‘The Lone Ranger’ Rides Again in Classic Western Style

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CHICAGO – In trying to revive the Western film genre, Walt Disney Pictures is also reviving the “Pirates of the Caribbean” formula – extreme action, intrigue, flamboyant characters and Johnny Depp. Add a dash of a familiar American legend – “The Lone Ranger” – and it’s summer movie time.

“The Lone Ranger” succeeds because it also sticks to what makes a classic western fun. There are bad guys, shoot-outs, taverns of ill repute, heroes that save the day and miles of train tracks to play with in the movie, and a Native American named Tonto to add the comic relief. Thematically, the film touches upon the injustices done to the Native Americans of the old West, and makes the industrial progress of Manifest Destiny as much an enemy as Butch Cavendish. Director Gore Verbinski, the architect of the Pirates series, performs the same ritual upon “The Lone Ranger,” with the only problem being the length – TLR clocks in at over two hours, and pads that time with unnecessary exposition.

The film begins in 1930s San Francisco, at a carnival with a Wild West show. A young boy (Mason Cook) is surprised to discover that the Native American display contains a live Comanche named Tonto (Johnny Depp). The very old veteran of the 1869 Western territories starts to recount his story, the legend of John Reid (Armie Hammer), also known as The Lone Ranger.

Armie Hammer, Johnny Depp
Wilder West: The Lone Ranger (Armie Hammer) and Tonto (Johnny Depp) in ‘The Lone Ranger’
Photo credit: Walt Disney Pictures

This is the origin of the character, the only Texas Ranger to survive a shoot-out ambush, which has killed John’s brother Dan (James Badge Dale). It is the notorious Butch Cavendish (William Fichtner) that has led this ambush, and the newly minted Lone Ranger dons a mask, and takes on Tonto as his partner in justice. Together, they will seek the revenge for the murders and find out who is really behind them, returning to those thrilling days of yesteryear.

Director Verbinski uses a style that combines the western film sensibility of John Ford – expansive vistas, good vs. evil morality and how history changed the West – with a kind of action gadgetry seen in the “Wild Wild West” TV show and movie. It does have comedy like his Pirates films, but it’s based more in character reactions from Tonto than the utter craziness of Depp’s Jack Sparrow character. Tonto, for all intents and purposes, is a serious character, who happens to sardonically comment on his Lone Ranger partnership and the folly of the white man’s push into his homeland.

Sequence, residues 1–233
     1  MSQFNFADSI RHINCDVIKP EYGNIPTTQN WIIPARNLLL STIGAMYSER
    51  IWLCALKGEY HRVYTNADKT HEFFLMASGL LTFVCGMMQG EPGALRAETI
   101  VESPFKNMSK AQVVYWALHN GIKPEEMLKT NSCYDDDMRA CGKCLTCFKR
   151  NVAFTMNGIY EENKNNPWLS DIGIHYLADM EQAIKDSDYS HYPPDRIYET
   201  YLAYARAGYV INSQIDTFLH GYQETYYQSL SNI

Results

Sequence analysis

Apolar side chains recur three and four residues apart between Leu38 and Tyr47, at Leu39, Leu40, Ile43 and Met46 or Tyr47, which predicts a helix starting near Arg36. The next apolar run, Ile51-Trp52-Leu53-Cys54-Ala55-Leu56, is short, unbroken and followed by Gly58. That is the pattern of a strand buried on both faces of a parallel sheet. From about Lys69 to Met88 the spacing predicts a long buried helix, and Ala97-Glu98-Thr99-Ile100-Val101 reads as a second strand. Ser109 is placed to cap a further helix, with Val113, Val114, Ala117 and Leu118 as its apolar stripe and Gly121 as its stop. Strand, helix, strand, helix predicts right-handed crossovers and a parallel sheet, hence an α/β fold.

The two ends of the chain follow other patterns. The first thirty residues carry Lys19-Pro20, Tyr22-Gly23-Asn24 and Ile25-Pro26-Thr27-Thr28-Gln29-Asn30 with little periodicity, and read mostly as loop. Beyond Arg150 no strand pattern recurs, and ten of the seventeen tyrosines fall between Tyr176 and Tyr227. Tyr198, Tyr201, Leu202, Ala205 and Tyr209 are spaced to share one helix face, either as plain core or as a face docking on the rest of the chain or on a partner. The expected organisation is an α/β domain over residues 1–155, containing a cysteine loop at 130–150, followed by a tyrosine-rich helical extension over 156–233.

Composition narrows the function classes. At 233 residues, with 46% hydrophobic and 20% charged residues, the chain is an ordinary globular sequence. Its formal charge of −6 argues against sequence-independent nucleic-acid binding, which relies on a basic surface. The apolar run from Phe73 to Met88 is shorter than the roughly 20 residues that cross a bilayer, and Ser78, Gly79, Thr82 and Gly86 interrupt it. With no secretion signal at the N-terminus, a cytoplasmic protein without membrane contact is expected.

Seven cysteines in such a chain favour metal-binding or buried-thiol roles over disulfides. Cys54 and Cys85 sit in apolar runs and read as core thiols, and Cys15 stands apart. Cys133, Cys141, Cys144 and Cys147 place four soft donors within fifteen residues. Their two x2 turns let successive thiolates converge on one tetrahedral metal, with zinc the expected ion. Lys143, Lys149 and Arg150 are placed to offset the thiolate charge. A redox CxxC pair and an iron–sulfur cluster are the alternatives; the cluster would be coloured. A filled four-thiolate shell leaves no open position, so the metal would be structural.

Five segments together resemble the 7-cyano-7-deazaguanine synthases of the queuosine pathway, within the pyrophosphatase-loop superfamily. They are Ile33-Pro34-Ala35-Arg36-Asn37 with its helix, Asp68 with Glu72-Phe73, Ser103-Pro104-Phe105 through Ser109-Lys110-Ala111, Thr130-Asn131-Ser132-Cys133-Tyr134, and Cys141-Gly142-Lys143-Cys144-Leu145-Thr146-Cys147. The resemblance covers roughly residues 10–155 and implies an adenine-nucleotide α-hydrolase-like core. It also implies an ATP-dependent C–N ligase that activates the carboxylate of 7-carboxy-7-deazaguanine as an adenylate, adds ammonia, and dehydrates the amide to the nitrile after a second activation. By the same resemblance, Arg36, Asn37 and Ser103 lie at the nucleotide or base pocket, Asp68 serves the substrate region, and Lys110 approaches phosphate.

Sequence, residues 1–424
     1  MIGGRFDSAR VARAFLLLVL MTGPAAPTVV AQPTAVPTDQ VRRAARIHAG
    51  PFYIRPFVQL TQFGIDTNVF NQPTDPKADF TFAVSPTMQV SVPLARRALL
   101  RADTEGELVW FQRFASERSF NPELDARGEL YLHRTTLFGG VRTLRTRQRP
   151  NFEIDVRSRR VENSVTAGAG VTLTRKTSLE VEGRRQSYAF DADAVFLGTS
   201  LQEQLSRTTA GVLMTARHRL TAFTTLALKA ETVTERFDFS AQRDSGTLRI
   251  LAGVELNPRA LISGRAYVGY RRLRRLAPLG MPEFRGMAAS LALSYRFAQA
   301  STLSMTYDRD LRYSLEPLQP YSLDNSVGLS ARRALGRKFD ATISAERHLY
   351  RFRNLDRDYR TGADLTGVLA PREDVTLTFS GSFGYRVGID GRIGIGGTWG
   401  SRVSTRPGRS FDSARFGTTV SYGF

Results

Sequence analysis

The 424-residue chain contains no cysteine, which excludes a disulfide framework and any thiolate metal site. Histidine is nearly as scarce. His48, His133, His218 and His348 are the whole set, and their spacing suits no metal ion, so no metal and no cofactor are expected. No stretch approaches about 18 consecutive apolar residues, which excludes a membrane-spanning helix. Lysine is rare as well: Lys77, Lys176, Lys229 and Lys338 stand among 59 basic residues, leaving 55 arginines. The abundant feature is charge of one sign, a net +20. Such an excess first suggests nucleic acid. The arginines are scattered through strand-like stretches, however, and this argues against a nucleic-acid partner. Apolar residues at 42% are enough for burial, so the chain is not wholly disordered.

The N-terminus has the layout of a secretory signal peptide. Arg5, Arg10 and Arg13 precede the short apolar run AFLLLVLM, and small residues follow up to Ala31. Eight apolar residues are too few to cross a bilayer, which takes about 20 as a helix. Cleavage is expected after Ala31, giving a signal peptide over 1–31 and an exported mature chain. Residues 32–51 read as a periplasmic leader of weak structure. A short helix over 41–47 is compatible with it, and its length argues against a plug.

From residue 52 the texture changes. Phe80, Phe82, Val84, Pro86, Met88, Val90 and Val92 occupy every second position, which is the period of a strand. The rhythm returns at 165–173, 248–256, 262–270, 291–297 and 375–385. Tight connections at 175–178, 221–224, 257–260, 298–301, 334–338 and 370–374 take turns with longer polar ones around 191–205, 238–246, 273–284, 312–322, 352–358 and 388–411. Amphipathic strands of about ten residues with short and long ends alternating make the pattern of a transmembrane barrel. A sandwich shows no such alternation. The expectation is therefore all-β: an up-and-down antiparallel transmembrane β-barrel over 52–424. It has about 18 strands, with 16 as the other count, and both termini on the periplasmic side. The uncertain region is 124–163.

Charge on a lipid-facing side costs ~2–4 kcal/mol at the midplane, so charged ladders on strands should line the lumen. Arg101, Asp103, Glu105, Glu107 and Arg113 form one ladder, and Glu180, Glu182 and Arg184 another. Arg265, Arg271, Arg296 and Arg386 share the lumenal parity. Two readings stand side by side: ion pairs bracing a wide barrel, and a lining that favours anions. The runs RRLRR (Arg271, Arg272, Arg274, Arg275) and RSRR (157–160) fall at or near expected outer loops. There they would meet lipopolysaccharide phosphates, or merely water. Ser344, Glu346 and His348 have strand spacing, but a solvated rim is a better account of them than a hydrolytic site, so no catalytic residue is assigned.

Armie Hammer does a good job with the John Reid/Lone Ranger character, although the screenplay – by Justin Haythe, Ted Elliott and Terry Rosario –chooses to treat the legend as more farcical than serious, There are comic bits regarding the mask, the horse and the gee-whiz heroism of the persona, which was odd. The revenge factor becomes lost in carnival-like action sequences, and it becomes a bit muddled as to who or what the Lone Ranger is fighting against, but Hammer is up for the task of both hero and clown.

Also notable in this version is the mix of history and social culture. The U.S. western territories are fighting against the infiltration of the railroads, leading to the rail connection between the East and West Coast at the Promontory Summit. The “West” is up against modernity, and that includes the treatment of the Native American peoples. Tonto is a rather hangdog representative of this treatment, and the roots of his insane reaction against it is a major plot point.

Johnny Depp
Riding the Rails: Tonto Tries Out the Iron Horse in ‘The Lone Ranger’
Photo credit: Walt Disney Pictures

Where the film is a letdown is the length. It seems like every major character gets backstory exposition, and in the midst of this commentary, the film does get bogged down. But the last action scene is fairly sensational, musically scored with neck-hair-raising “William Tell Overture.” This brings us right back to the heroic source, and softens the length of the story somewhat.

It’s questionable whether modern audiences will connect to this rather old fashion Western – aside from its post historical irony – it seems we need more than a masked hero on a white horse and his faithful Indian companion. Not sure what that says about us or the Legend of the Lone Ranger. Hyyy-ooh, Silver?

“The Lone Ranger” opens everywhere on July 3rd. Featuring Johnny Depp, Armie Hammer, William Fichtner, Tom Wilkinson, Ruth Wilson, Helena Bonham Carter, Barry Pepper and James Badge Dale. Screenplay by Justin Haythe, Ted Elliott and Terry Rosario. Directed by Gore Verbinski. Rated “PG-13”

HollywoodChicago.com senior staff writer Patrick McDonald

By PATRICK McDONALD
Senior Staff Writer
HollywoodChicago.com
pat@hollywoodchicago.com

© 2013 Patrick McDonald, HollywoodChicago.com

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